Anthropologists who talk about ethics generally mean the code of practice drafted by a professional association for implementation by its members. As this book convincingly shows, such a conception is far too narrow. A more radical approach is to recognize that moral judgments are made at every juncture of scientific practice and they require a negotiation of responsibility with all stakeholders in the research enterprise.Embedding Ethics questions why ethics have been divorced from scientific expertise. Invoking different disciplinary practices from biological, archaeological, cultural, and linguistic anthropology, contributors show how ethics should be resituated at the heart of, rather than exterior to, scientific activity. Positioning the researcher as a negotiator of significant truths rather than an adjudicator of a priori precepts enables contributors to relocate ethics in new sets of social and scientific relationships triggered by recent globalization processes - from new forms of intellectual and cultural ownership to accountability in governance, and the very ways in which people are studied. Case studies from ethnographic research, museum display, archaeological fieldwork and professional monitoring illustrate both best practice and potential pitfalls.This important book is an essential guide for all anthropologists who wish to be active contributors to the discussion on ethics and the ethical practice of their profession.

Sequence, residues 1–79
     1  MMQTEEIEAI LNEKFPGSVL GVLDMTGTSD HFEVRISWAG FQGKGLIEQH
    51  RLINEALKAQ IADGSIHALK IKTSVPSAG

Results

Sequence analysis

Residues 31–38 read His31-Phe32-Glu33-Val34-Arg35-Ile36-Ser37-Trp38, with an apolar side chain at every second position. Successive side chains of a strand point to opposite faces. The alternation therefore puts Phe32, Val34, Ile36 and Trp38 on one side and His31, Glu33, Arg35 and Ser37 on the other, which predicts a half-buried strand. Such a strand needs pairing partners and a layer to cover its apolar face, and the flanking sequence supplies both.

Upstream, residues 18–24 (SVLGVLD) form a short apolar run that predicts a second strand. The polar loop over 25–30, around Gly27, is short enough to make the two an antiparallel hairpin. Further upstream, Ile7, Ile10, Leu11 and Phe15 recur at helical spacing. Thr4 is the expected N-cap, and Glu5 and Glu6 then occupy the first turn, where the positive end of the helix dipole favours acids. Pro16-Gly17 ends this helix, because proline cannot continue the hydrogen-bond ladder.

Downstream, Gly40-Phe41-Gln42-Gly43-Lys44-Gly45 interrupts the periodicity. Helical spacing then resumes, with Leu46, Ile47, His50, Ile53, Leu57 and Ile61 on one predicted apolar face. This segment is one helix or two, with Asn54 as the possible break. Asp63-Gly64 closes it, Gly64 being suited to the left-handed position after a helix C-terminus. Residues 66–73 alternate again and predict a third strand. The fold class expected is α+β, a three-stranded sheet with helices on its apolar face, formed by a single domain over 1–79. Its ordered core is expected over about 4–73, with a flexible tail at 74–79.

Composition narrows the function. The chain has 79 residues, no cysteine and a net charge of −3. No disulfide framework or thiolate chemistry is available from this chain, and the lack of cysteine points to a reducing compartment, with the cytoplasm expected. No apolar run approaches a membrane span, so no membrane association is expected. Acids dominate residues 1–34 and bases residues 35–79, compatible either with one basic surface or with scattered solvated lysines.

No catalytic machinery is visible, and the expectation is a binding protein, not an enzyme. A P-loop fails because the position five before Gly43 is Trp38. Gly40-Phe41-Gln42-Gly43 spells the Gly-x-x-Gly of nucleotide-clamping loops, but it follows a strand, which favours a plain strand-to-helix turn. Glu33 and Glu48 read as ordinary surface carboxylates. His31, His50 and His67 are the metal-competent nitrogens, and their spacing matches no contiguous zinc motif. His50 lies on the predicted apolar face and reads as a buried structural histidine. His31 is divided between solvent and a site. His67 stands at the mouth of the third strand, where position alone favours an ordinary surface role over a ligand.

Table of Contents
Introduction: Embedding EthicsLynn Meskell and Peter PelsPart One: Rethinking EthicsYour Body, My Property: The Problem of Colonial Genetics in a Post-Colonial WorldJonathan Marks The Promise and Perils of an Ethics of StewardshipAlison Wylie 'Where There Aren't No Ten Commandments': Redefining Ethics during the Darkness in El Dorado ScandalPeter Pels Anthropology's Malaysian Interlocutors: Towards a Cosmopolitan Ethics of Anthropological PracticeJoel S. KahnPart Two: Relocating Ethics in Current Research Sites of Violence: Terrorism, Tourism and Heritage in the Archaeological PresentLynn Meskell Pain, Politics, and the Epistemological Ethics of Anthropological Disciplinarity Pradeep Jeganathan Situational Ethics and Engaged Practice: the Case of Archaeology in AfricaMartin HallPart Three: Exemplars and Warnings A Science of the Gray: Malthus, Marx, and the Ethics of Studying Crop BiotechnologyGlenn Davis Stone The Moralities of Exhibiting IndiansCraig Howe Documenting EthicsDon BrenneisSolid Histories for Fragile Nations: Archaeology as Cultural PatrimonyRosemary A. Joyce
Dr. Lynn Meskell is Associate Professor in the Department of Anthropology at Columbia University.Professor Peter Pels is Professor in the Anthropology of Sub-Saharan Africa at the Universiteit Leiden, The Netherlands.